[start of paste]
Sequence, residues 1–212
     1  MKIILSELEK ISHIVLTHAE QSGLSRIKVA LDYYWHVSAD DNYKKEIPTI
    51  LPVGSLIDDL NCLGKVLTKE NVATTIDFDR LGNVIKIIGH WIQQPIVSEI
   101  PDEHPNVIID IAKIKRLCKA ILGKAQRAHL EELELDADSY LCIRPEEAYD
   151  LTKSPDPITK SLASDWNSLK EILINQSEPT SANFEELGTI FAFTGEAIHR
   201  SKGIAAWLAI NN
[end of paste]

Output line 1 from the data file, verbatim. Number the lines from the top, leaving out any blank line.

Sequence, residues 1–212